Balance the need to be productive with "getting away." You'll be surprised at how, slowing down can get you to your destination faster.
Years ago, Christian monastic leaders discovered that unknown forces could obliterate spiritual motivation just as quickly and with equal devastation as a hacker destroying a hard drive.
They called the phenomenon "acedia," which is Greek for "without vigor." Since acedia most often occurred after lunch, they nicknamed it the "Noonday Devil."
Once the monastics, the originators of the power nap, realized they were most vulnerable to the Noonday Devil's spell when they were tired, they decided to follow lunch with a siesta. While their stomachs worked hard on digestion, their minds and bodies took a break.
Watch this video on relaxing with Dr. Andrew Weil.
The ancients would not be surprised that the Noonday Devil still flourishes, though we're more likely to call it burnout or aimlessness. They knew that just as there is no "happily ever after" for lovers, there is no "enlightened ever after" for spiritual seekers. Doubts and fears need to be faced daily and commitments renewed often.
We can achieve this by taking naps. Since naps increase the mental and spiritual equivalent of T Cells, they make us more immune to the mind fogs that can turn good intentions and spiritual fervor into lethargy.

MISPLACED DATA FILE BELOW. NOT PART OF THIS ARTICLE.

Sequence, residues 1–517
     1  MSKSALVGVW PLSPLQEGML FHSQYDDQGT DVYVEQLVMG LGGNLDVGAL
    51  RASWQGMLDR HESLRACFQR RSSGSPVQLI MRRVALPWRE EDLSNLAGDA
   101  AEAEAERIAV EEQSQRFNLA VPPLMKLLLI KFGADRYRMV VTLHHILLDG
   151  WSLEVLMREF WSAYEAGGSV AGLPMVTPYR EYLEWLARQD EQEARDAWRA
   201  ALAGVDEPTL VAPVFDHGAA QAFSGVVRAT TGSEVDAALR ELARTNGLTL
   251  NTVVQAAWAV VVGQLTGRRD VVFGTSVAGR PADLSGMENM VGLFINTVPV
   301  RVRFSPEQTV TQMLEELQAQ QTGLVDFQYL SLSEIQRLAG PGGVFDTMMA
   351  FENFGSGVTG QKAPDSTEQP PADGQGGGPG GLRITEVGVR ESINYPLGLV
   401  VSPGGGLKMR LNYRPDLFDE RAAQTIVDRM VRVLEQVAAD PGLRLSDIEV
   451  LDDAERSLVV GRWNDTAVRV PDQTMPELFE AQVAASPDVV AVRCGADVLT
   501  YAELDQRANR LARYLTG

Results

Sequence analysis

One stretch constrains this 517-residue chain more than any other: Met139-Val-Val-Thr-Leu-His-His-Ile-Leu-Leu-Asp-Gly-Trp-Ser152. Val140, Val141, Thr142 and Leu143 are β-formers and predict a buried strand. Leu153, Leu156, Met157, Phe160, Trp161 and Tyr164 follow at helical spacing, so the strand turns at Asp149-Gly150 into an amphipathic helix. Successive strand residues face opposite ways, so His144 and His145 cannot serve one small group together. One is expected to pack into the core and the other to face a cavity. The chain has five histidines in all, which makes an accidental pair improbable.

Napping can help us clarify personal issues like perfectionism or crippled self-esteem, which make us vulnerable to spiritual wipeout. As we recommit to our spiritual path, we rediscover allies who can inspire and encourage us.
As we learn to recognize the Noonday Devil, we need to remember that resistance, be it procrastination
, aimlessness or obsessive worry, is a natural part of spiritual life. One of the most effective ways to fight spiritual resistance is to take a nap, then pray and recommit to your purpose.
Humor is another great weapon against the Noonday Devil. The comic Steve Bhaerman, otherwise known as Swami Beyondananda, dares us to find wisdom by getting off our spiritual high horses. He suggests Tantrum Yoga, a "meditation" commonly used by toddlers, as a good way to lighten our spiritual load
This sounds like just what I need when my inner 2-year-old drowns out my best ideas with her "I don't want to and you can't make me" mantra. As soon as I break free of the Noonday Devil that specializes in procrastination, I might give it a try.
Photographer: Johnny Lye